How Do You Evaluate Website’s Social Media Performance?

Whether it’s your teenage neighbor trying to go viral on TikTok or an 86-year-old looking for long-lost friends on Facebook, everyone is using social media.

The key is knowing what metrics matter and how to monitor them. Avoid getting caught up in vanity metrics that don’t drive your business forward.

1. Traffic

Website traffic is a key metric that illustrates the impact of your social media efforts. Traffic metrics include total visits, unique visitors, page views and bounce rate.

Unique visitors are the number of distinct individuals who visit your website in a given timeframe, and they can help you understand how your audience is growing. If your unique visitor count is increasing, this indicates that you are reaching new people and engaging them with your content. If it’s decreasing, this could signal a need to change your marketing strategy or the quality of your content.

Another important metric is your top social referrals, which show the sites that are sending traffic to your website. You can find this information in Google Analytics under the Source/Medium report, which is broken down by network and ad type. A free tool like SiteChecker can also give you this information and more, including a breakdown of your pageviews, unique visitors and more by country.

2. Engagement

To keep visitors engaged with your website, you must give them the content they want and need. That means writing informative blog posts, connecting on social media and offering helpful resources. Keeping users on your site will encourage them to return and share your content with others.

To measure engagement, you can look at page views and unique visitors. While pages viewed is the total number of clicks, unique visitors gives you a more accurate picture of how many people are actually visiting your site.

Another important metric to consider is the ratio of new versus returning visitors. This metric tells you whether your current audience is finding value in your website, or if you need to make changes to attract more users. A high ratio of returning users is a sign that your website is providing what your audience wants and needs. This metric is also a good indication of how “sticky” your content is.

3. Conversions

When your goal is to generate online sales, social media conversion metrics are the key performance indicators you need to track. With the right tools and metrics, you can make data-driven decisions to optimize your social media for ecommerce strategy.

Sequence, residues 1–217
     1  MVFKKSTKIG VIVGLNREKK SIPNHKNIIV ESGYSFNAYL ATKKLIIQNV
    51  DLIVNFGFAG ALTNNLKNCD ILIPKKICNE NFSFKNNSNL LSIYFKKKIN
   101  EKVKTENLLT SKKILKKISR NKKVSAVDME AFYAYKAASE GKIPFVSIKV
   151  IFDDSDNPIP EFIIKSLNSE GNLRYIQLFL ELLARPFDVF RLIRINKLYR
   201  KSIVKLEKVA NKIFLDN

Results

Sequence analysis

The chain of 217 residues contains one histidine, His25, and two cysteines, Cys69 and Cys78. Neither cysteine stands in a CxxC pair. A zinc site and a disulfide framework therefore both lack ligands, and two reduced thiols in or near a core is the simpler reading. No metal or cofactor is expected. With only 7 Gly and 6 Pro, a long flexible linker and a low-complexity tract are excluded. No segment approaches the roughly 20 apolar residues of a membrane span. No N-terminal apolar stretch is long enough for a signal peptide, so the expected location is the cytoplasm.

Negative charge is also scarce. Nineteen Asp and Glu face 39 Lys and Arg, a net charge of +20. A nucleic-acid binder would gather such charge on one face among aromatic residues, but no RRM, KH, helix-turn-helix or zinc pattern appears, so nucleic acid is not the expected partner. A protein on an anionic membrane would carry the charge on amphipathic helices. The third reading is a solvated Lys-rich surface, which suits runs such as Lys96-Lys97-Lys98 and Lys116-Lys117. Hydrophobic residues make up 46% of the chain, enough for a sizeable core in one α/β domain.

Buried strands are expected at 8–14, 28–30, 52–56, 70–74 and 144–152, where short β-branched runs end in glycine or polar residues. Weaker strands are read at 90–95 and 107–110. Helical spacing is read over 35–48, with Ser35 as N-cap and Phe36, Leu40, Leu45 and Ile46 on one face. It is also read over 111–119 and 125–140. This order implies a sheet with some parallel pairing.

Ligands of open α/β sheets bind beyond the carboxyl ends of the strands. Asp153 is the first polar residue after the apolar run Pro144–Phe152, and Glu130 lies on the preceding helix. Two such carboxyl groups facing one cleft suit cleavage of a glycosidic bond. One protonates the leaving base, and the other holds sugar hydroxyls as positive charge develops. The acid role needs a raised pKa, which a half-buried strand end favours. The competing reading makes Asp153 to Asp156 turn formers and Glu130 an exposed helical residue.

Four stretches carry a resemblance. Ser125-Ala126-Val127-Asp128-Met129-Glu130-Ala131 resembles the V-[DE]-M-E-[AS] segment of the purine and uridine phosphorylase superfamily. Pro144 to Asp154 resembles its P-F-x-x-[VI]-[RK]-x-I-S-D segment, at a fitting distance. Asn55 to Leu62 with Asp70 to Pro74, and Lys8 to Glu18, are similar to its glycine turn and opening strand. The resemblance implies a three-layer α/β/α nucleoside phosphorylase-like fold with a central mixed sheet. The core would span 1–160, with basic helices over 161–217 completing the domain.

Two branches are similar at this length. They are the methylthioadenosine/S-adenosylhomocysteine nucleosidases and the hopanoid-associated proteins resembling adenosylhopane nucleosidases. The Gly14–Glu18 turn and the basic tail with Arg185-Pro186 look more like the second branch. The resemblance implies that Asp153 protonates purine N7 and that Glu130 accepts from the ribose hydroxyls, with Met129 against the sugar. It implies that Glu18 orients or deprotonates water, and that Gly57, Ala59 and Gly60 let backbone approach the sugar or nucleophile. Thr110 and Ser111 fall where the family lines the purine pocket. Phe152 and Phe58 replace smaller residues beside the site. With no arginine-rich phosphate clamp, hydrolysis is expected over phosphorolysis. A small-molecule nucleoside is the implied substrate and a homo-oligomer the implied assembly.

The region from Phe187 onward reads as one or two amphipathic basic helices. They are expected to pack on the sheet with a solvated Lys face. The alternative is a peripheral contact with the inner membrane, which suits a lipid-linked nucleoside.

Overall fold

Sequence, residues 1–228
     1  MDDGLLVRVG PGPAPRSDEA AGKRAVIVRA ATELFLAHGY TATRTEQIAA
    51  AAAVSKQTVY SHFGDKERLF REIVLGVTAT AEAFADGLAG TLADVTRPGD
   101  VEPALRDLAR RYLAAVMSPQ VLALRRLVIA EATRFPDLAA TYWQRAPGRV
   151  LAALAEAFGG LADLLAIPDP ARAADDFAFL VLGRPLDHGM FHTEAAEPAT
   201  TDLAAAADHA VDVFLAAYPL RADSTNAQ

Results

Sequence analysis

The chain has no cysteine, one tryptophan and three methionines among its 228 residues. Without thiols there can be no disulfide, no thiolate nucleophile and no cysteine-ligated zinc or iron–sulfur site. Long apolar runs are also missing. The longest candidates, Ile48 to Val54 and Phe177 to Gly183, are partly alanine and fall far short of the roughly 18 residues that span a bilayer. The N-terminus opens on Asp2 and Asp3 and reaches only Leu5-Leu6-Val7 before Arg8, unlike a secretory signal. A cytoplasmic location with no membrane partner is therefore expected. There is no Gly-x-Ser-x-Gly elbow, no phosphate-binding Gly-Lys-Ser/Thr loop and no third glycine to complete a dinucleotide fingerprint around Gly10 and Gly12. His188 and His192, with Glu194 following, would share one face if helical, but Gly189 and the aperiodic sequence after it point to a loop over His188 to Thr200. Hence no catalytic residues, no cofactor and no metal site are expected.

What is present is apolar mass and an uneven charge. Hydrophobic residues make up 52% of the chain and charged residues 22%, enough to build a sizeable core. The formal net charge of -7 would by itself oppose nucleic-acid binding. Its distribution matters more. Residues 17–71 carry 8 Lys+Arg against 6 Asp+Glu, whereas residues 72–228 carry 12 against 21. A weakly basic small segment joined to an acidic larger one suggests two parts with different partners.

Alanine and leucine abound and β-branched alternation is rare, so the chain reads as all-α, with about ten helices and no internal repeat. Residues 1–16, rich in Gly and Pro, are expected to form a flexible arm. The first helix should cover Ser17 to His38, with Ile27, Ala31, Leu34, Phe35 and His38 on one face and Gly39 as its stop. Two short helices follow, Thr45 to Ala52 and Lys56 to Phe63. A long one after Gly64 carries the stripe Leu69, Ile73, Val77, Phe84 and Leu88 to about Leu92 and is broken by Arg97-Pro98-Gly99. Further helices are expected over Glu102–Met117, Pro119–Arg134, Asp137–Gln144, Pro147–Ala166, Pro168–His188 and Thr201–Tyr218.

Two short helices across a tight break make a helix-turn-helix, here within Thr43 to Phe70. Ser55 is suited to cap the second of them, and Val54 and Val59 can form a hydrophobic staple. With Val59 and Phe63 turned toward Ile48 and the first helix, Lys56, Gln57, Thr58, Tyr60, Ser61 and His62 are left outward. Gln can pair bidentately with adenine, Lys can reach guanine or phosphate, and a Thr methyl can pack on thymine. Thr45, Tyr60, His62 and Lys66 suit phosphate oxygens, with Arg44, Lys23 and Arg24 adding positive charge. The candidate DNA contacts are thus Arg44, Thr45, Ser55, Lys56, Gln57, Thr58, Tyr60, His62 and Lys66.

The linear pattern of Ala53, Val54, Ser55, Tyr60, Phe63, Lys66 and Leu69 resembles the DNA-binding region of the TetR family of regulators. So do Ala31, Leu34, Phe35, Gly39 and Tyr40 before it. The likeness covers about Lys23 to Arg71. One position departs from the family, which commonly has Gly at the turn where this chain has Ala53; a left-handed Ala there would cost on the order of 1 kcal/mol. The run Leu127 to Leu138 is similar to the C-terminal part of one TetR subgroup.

The number of visitors who convert, like making a purchase or signing up for an email newsletter, from your social media page, post or ad is a straightforward metric that can be calculated by multiplying the total number of social media clicks with your desired metric (like visits, subscribers or contacts).

With this and other metrics, you can assess your ROI on social ads and content. A regular reporting cadence, like monthly for health checks and weekly for experiments and quick changes, can help you stay on track with your social media goals. Using analytics and reporting tools, such as those found in Sprout, can streamline the process of collecting and sharing this data with stakeholders.

4. ROI

Ultimately, ROI helps you see how well your website’s performance is converting traffic into customers and business growth. You can evaluate your ROI by tracking key metrics, analyzing data, and optimizing your website.

Having an understanding of your social media ROI isn’t just a nice to have—it’s critical to the success of your social team and wider business. The ability to clearly illustrate your impact is one of the biggest challenges for social media teams, according to The 2023 State of Social Media Report.

Measuring ROI can be done by looking at web conversions, such as those from visitors clicking through to your site, reading articles, or making a purchase. You can also use Google Analytics to directly connect your social media ad campaigns to sales by measuring direct-from-social purchases, which is helpful for justifying additional advertising spend and understanding which ads are performing best. For example, XYZ Company increased their ROI by improving the design of their product pages and checkout process, implementing email marketing strategies for new and returning customers, and conducting A/B testing to improve call-to-action placements on their website.

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